Although interest rate swaps frequently present issuers with the opportunity for significant savings, issuers should be aware of the risks.
One important factor is basis risk, which can turn a synthetic fixed rate into an unforeseen floating rate under some circum stances.
In a synthetic fixed-rate transaction, the issuer agrees to pay the swap counterparty a fixed rate, and the swap counterparty agrees to pay the issuer a floating rate. The floating rate that the issuer receives is supposed to cover the issuer's obligation on its floating-rate bonds.
But there are a variety of situations where a mismatch can occur. The potential mismatch is referred to as basis risk.
In some cases, the swap counterparty agrees to pay the issuer the exact floating rate due on the bonds. But in other cases, the will pay the issuer a counterparty will pay the issuer a floating rate based on a market index, while the issuer's bonds will pay interest based on a remarketing or auction. There is no guarantee that the two floating rates will match.
Several years ago, Philadelphia had an unpleasant experience with a swap, partly due to basis risk exposure. In 1990, the city issued $148 million of floating-rate debt and entered a swap. The counterparty, Merrill Lynch & Co., agreed to pay the city a floating rate based on the J.J. Kenny high-grade index. The city agreed to pay Merrill a fixed rate of 6.85%.
Unfortunately for the city, a fiscal crisis developed later that year, leading to credit downgrades. Merrill was unable to remarket the floating-rate bonds, so the rate on the bonds rose to the so-called bank bond rate, at the time about 12%.
The city was still receiving payments on the swap based on the Kenny Index and paying 6.85%. Merrill's payments were well below the 12% bank bond rate due on the bonds. The city's basis risk exposure emerged, creating enormous losses.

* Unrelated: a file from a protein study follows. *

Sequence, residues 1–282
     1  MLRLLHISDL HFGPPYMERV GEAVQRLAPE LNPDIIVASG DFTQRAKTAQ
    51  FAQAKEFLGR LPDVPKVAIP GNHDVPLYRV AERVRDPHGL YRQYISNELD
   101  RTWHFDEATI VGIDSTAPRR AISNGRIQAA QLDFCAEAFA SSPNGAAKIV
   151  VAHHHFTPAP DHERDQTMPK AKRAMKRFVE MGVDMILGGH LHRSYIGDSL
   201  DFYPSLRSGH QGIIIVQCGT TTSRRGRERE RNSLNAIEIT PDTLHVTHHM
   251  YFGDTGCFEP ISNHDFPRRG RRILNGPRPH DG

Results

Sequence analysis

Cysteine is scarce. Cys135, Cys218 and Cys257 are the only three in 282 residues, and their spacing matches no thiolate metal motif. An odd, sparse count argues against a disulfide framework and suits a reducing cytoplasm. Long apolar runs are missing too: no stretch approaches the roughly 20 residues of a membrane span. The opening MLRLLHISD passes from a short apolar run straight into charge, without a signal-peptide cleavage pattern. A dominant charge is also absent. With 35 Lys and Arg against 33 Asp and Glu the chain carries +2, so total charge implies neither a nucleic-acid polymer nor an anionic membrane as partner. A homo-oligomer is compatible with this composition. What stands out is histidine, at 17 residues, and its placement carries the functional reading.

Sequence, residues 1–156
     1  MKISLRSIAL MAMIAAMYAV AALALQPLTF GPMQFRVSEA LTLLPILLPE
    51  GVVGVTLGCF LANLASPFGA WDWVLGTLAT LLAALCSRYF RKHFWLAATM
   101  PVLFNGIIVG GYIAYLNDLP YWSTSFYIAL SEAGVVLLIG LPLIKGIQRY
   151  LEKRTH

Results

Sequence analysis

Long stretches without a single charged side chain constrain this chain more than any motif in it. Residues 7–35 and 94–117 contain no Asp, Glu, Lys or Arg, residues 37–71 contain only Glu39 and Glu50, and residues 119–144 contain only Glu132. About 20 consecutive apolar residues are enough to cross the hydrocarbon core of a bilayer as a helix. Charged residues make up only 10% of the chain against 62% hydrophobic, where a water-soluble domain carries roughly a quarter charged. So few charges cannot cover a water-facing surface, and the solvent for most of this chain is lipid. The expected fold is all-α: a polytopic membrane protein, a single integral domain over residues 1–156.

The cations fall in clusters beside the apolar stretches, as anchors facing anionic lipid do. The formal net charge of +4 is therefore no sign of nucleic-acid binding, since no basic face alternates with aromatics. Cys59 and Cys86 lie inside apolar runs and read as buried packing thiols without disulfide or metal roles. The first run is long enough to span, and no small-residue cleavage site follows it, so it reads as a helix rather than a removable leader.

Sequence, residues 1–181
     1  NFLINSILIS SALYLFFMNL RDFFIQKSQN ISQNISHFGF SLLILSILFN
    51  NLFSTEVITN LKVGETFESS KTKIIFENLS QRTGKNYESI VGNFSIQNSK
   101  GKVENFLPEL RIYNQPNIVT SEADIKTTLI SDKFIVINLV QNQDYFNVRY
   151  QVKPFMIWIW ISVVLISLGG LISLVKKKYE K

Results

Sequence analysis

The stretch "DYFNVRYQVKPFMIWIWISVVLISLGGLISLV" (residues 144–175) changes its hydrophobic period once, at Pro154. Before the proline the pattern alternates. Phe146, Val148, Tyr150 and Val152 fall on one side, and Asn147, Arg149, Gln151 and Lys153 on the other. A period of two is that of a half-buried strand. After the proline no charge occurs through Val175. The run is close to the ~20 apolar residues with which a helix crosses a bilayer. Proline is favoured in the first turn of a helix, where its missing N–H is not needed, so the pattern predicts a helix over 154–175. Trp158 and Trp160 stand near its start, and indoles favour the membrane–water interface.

On swaps in which the counterparty agrees to pay the issuer's actual cost of funds, the floating-rate swap payment is not based on a market index, but instead on the floating rate set on the bonds. Some underwriters call this structure a "zero basis risk" swap.
Despite the name, the risk is not completely eliminated.
Theoretically. the issuer should receive a floating rate on the swap that matches the floating rate it owes on its bonds.
But under certain circumstances, the swap counterparty is freed of its obligation to pay the exact floating rate on the bonds.
Generally, if a remarketing of the floating-rate bonds fails, and the rate on the bonds automatically jumps to the bank bond rate, the floating rate on the swap reverts to a market index.
In that case. the issuer would have to pay the difference between the bank bonds rate owed on its bonds and the market index rate it was receiving on its swap, and would still have to pay the fixed rate on the swap.
In some cases, if the issuer is downgraded below a preset level, the floating rate on the swap again reverts to a market index.
Although Philadelphia did not enter a zero basis risk swap, such a structure would not have protected the city. After being downgraded to CCC. and after a failed remarketing for its bonds, the city's swap would have reverted to the Kenny index rate even if the original swap paid the bonds' rate.
So an issuer considering entering a swap should weigh not only the credit strength of its swap counterparty, but also its own credit strength. An issuer with declining credit quality is more likely to run into basis risk problems.
As Philadelphia Treasurer Kathryn Engebretson says, the moral of the story is that issuers "shouldn't enter a swap if their credit is declining."